Story by Edna Troiano and Photography by Ed Mann
Wouldn't we all like to keep it simple? No tiny home repair that morphs into major remodeling; no job description that expands yearly; no juggling family, job, home and community. Well, Laura Allison of Keep It Simple can't solve all our problems, but she can keep one thing simple: the technology training we all need to cope with our jobs and our lives.
Keep It Simple, located in Prince Frederick, was established in 1991 to serve the training needs of small businesses. Two years later, Allison opened a site with classrooms. The population explosion in Calvert County over the last decade, coupled with the county's proximity to D.C., Annapolis and Patuxent River Naval Air Station, has created a burgeoning demand for technology training.
The success of Keep It Simple is reflected in the awards it has won. In both 1999 and 2000, the Calvert County Chamber of Commerce granted it the Small Business of the Year award. And in 2009, Keep It Simple won the Leading Edge Award, an award sponsored by the Corporate Center at the College of Southern Maryland that "celebrates individuals and businesses that spur economic growth and vigor in Southern Maryland."
Keep It Simple has an appealing philosophy: the company, well, keeps it simple. Allison explains that about the only thing she recognizes under her car's hood is where to check the oil and where to add the windshield washer fluid. She doesn't need to understand the principals of the combustion engine; she just needs to know how to drive the car. The same is true for most technology instruction. Students don't need complex theory or even an in-depth understanding of how a computer operates. Keep It Simple concentrates on what students need to know. Most courses are brief - one or two days - and focus either on computer literacy, including courses on the Internet, e-mail and Microsoft Windows, or on applications, such as Adobe Illustrator, Intuit QuickBooks, and Microsoft PowerPoint and Excel.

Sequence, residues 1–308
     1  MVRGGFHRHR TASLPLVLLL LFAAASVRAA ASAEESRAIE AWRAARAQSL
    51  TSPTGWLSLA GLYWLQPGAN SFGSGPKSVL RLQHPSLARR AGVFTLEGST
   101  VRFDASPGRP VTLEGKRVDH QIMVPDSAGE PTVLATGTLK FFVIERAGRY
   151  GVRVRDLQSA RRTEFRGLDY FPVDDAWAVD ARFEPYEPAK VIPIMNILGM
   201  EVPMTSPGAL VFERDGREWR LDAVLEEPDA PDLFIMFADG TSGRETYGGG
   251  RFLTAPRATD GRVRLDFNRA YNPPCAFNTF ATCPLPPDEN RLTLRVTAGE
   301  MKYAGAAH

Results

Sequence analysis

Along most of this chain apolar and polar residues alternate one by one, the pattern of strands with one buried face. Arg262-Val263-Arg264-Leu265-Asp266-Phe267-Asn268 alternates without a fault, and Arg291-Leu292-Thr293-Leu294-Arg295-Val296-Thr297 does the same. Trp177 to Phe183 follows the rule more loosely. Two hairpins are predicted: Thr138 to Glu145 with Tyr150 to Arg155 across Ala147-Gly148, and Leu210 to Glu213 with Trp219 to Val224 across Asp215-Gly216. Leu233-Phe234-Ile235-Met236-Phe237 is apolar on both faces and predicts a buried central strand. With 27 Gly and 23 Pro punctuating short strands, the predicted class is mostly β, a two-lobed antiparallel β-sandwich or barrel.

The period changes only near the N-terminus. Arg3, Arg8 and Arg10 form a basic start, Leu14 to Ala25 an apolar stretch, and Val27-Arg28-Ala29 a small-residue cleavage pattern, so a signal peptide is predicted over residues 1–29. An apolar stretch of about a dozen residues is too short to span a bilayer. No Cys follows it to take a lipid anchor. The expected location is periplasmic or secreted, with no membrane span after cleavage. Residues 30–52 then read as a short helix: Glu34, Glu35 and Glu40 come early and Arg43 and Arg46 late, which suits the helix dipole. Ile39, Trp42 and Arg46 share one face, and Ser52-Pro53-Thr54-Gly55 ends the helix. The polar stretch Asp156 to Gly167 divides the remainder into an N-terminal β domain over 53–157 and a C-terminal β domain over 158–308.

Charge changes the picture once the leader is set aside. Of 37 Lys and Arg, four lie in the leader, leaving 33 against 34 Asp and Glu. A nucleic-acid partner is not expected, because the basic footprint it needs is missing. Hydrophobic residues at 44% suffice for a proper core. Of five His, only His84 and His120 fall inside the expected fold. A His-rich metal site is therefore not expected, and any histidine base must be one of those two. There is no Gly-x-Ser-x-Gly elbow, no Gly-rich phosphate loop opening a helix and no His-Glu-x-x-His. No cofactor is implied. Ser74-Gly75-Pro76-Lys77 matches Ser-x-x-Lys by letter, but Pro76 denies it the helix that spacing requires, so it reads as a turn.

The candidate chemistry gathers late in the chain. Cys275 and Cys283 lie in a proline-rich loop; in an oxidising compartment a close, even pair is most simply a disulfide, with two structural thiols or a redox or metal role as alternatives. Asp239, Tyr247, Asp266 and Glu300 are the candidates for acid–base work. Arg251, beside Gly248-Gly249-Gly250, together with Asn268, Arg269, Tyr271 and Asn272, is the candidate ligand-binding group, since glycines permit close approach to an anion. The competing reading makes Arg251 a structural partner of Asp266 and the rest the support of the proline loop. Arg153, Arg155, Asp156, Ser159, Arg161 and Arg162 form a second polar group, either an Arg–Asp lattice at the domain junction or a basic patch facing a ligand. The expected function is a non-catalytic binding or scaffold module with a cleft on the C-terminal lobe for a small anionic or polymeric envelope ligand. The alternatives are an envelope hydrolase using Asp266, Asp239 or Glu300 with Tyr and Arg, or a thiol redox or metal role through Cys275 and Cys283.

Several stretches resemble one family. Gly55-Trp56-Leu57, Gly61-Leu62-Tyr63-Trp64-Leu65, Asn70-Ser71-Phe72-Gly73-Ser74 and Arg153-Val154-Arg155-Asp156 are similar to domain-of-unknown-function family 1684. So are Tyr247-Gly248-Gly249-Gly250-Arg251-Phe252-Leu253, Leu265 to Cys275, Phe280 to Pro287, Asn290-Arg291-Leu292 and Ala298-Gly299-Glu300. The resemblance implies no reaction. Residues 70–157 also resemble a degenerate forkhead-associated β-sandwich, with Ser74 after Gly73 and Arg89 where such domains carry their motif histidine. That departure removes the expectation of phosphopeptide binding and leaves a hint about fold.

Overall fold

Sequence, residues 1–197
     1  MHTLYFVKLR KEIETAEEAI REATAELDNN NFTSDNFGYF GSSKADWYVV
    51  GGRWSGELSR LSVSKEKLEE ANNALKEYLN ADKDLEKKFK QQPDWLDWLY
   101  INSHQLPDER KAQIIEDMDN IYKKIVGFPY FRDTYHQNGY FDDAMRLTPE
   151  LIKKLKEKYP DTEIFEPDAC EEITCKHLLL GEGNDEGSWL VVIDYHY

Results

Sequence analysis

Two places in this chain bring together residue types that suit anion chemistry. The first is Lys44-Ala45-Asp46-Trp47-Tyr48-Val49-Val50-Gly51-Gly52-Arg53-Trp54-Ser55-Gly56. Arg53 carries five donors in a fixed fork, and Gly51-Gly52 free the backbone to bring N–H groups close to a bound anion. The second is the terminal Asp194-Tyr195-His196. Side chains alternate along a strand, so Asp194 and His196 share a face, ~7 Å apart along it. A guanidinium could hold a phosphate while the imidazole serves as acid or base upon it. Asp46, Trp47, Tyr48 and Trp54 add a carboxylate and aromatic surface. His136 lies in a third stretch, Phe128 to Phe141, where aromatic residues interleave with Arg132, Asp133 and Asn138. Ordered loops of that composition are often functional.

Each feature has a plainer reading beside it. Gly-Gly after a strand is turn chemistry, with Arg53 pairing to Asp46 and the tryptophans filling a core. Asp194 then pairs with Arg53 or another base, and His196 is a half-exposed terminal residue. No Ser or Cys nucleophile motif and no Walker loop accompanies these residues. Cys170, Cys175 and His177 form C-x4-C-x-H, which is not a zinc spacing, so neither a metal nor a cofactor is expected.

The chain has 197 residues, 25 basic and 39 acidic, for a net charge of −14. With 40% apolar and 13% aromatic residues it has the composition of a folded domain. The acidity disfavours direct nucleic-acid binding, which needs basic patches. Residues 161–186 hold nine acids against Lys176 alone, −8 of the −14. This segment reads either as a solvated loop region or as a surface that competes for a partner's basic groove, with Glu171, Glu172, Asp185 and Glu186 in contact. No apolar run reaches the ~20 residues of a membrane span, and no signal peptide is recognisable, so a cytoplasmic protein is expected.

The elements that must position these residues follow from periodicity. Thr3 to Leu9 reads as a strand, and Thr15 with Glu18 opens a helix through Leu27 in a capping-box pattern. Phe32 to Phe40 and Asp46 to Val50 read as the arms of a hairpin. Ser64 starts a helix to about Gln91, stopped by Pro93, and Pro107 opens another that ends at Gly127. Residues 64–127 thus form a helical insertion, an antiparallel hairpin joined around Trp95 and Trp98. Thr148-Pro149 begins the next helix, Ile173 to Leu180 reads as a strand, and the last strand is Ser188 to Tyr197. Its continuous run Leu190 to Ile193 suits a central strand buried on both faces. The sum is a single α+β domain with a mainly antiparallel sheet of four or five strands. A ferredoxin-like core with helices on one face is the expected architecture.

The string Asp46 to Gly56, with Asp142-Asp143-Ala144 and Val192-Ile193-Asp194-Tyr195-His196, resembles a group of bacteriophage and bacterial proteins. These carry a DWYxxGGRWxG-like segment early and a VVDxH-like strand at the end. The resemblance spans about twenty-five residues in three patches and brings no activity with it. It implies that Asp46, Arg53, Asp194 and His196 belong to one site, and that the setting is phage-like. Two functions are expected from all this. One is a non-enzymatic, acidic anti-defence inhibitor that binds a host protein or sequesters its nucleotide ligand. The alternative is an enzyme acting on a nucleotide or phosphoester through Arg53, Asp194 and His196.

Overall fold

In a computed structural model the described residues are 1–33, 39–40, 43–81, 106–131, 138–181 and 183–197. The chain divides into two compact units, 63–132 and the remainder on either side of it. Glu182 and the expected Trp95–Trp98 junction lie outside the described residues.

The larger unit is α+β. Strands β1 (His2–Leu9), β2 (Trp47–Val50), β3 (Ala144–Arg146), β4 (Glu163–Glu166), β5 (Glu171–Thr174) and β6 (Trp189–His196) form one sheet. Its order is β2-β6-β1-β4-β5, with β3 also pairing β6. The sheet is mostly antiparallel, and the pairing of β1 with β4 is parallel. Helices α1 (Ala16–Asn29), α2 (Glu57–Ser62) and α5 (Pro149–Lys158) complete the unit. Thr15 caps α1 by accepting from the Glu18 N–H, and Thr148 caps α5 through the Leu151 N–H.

Students often come to Keep It Simple saying that they tried to learn a computer skill, but the person teaching them went too fast, used terms they didn't understand, or simply had them watch and assumed they could repeat the task. Keep It Simple addresses these problems in several ways. First, training, which is always provided by certified instructors, is in plain English. Instructors avoid jargon and introduce technical terms only as needed. Second, because it's difficult for people to learn when they're tense, Keep It Simple facilitates learning by maintaining a relaxed, comfortable atmosphere. Instructors reward students for learning - or even for asking questions - with tiny prizes. They encourage students to think of the new skill as a tool, and to recognize that once they're competent handling the tool, they will enjoy using it. Instructors also create a lively classroom that demonstrates that learning and having fun are not incompatible.
For students concerned about their ability to retain new skills, Keep It Simple offers several reassurances. Students have free practice time and free exams retakes. Should they feel they haven't mastered the material, or if they have a gap between when they take a class and when they use the new skill, they can repeat the course within a year for no additional fee.
Federal, state and local government agencies, contractors, and private industry generate almost 75 percent of Keep It Simple's business; small businesses generate about 15%, and individuals 10%. So if you're looking to develop your computer skills, or if you're a manager considering staff training, it doesn't have to be complicated. Just Keep It Simple.
Keep It Simple is located in the Calvert Village Shopping Center. More information, including class schedules and payment options, is available at www.keepitsimple.net
or by calling 866-PC-SKILLS.